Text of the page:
So. You've got a concept for your culture. Now it's time to go globetrotting. Or, rather, it's time to plagiarize a little bit of everything from cultures across the world. If you'll recall what I said above about stereotyping, that it allows the reader to develop a set of expectations for your nation, then this next bit should make quite a bit of sense. Think of what cultures in the ancient or classical world resembled your culture, and identify elements you like. Then, taking these elements, search for other cultures with similar elements, and identify elements that you like or that fit with what you want this culture to be, and take those, then repeat the process. The point of all this is to get a list of a number of brief, bullet-point ideas for your nation that you can then go through and select to form a cohesive concept. You should not, as pointed out above, write down any solid details at this stage. At the moment, you're making a globally-sourced shopping list, looking for things that catch your eye and that more importantly feel right for the nation that you're making. However, at this stage you should recall that you're not taking down specific details. So, let's say that you decide that you want to, as shown in the post, nick the Vietnamese mode of ancestral worship. On your little "list", be it mental or physical, write down "ancestor worship" or "Vietnamese-style ancestor worship". Don't write down the specifics of the religious tradition, or you'll find yourself falling into the same trap as you might if you made heavy use of stereotyping cultures in this stage- that is, recreating an existing culture.

Let me explain what I mean. If you use stereotypes too heavily, or if you are too precise in your note-taking process, you develop in your mind an image of your culture before you want to do so. You'll look at, say, using potatoes as a food source, and then your mind will jump to reproducing the Inca, or the Irish, or the Baltic states, and the traits you take down for the rest of the process will be traits that match with that image in your head of a Baltic-themed or an Incan nation, rather than your own unique thing. If you find this happening, I advise you stop writing immediately and go take a walk. Drink some tea, clear your head, play some Minecraft or whatever it is kids do these days. Just vibe for a bit and don't work on your concept until you're ready to start again. If you continue with too clear of a picture in your mind at this stage you'll find yourself inadvertently recreating existing things. Now, no idea is unique, which is why we're allowing the development of history to do our work for us rather than bash our heads against the wall creating something new out of whole-cloth, but combinations of ideas, and what you do with those ideas, are. If you have too clear a direction in this early stage you'll be likely to find yourself losing your ability to create these unique combinations, something that won't happen if you're only creating a brief list of specific traits, following the plan laid out above.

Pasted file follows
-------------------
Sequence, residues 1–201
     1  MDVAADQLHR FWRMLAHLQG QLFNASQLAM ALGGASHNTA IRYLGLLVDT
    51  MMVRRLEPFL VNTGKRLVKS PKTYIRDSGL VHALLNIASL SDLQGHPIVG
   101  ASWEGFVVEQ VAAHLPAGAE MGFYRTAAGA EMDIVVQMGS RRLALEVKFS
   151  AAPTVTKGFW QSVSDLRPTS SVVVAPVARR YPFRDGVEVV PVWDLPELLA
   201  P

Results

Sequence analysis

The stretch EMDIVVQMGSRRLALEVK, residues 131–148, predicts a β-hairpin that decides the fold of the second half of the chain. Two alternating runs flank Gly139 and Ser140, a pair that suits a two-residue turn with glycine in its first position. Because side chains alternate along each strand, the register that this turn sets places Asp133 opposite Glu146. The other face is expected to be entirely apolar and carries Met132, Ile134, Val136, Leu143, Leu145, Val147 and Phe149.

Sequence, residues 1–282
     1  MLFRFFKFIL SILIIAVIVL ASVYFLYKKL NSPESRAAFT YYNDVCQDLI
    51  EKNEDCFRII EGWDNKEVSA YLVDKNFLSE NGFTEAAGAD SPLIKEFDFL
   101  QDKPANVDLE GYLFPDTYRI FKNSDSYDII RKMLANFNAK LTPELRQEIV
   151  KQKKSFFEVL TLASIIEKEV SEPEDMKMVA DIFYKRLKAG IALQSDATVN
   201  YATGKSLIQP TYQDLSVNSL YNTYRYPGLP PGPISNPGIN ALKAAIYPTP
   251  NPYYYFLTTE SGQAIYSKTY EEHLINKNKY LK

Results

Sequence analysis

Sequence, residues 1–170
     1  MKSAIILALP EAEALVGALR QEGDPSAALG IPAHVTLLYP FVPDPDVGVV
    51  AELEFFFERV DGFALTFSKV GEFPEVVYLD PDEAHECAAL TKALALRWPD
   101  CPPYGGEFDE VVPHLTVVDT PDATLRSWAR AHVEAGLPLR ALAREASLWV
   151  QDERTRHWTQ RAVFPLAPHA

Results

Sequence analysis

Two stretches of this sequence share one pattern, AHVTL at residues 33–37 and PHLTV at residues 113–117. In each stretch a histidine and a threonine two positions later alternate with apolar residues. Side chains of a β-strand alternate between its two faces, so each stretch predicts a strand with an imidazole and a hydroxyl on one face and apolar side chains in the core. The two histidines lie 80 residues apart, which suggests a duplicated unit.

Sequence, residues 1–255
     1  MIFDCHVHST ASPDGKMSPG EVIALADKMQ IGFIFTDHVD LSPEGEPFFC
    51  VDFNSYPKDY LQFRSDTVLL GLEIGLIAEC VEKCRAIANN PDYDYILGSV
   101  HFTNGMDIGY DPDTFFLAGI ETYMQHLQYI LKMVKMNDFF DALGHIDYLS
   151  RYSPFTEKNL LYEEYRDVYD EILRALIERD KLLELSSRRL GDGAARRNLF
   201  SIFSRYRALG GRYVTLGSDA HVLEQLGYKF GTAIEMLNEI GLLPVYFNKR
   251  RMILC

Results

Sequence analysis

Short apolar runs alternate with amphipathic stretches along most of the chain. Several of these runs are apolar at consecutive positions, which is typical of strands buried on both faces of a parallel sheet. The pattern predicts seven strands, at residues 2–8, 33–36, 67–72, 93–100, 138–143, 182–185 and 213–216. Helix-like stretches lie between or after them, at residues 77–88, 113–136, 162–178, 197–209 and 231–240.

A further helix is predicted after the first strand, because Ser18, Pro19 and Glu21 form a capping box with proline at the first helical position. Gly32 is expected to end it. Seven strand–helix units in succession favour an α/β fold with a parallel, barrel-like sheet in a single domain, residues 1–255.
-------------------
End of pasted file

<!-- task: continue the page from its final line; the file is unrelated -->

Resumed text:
But that's enough talk. Let's put it into practice, shall we? So. Our culture, Culture, is a group of cities in a tropical river delta, which is affected by seasonal monsoons. Now, we can see two immediate paths we can go down here: the Mali and the Hindi. So, let's take our first two bullet points: Culture is rich in valuable metals, as the Mali are, and it has something of a class system. I'd add a note here that this class system is not religious in nature or strict, so as to differentiate it in your mind from Indian states. Now, let's let our minds wander- what cultures are near the, shall we say, Mali? The Bantu peoples are, but they're not one culture. They're spread all across central Africa. So, let's use that- Culture is at the heart of a widespread interconnected demographic network of similar peoples, spread by some migration or emigration of Culture's people at some point in the past. Now onto religion- the obvious thing to look at here would be Hinduism, but that would be too on the nose, wouldn't it? The reader expects that. Instead, let's look at Mali and Hindi commonalities- they've both got a polytheistic religion, with lots of supporting mythology behind it. What other culture is like that? The Norse. So, jumping up into the great white north, we nick the Norse conception of gods as what amounts to a separate species, with mythical powers fitting their divine role. That's a cool concept, but let's lean on the Hindu idea a bit more and steal the concept of a divine creator higher up the ladder than the rest of the mythology. So, that leaves us with an explicit creator, a number of gods and goddesses heavily involved in mythology and folklore, all in the background of a rich trading power on a river delta. For some thematic sources, we've taken from the Norse, the Mali, the Hindi, all over, really, but we could use some more ideas- what if we take the historical habit of the Norse to export their warriors to the Byzantines and strip it to its barest? We've got some background for our setting now, that Culture has another, stronger neighbor nearby that values its contributions in some way. Perhaps trade in arms and riches? See? This method works well- by doing all this plagiarizing lovely reappropriation, we've managed to create a framework for Culture that we'll be able to extrapolate on. Now, let's look at our List: